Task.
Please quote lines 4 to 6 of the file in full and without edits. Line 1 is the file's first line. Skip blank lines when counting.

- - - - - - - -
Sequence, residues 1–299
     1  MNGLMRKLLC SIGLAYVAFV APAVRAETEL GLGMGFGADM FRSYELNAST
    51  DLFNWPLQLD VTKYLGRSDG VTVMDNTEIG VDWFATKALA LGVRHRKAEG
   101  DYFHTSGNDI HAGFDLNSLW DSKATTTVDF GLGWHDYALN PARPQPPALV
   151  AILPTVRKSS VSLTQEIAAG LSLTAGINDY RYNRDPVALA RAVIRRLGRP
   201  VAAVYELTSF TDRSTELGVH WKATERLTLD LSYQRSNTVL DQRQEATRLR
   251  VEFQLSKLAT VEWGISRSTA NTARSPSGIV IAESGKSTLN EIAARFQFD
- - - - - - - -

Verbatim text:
   101  DYFHTSGNDI HAGFDLNSLW DSKATTTVDF GLGWHDYALN PARPQPPALV
   151  AILPTVRKSS VSLTQEIAAG LSLTAGINDY RYNRDPVALA RAVIRRLGRP
   201  VAAVYELTSF TDRSTELGVH WKATERLTLD LSYQRSNTVL DQRQEATRLR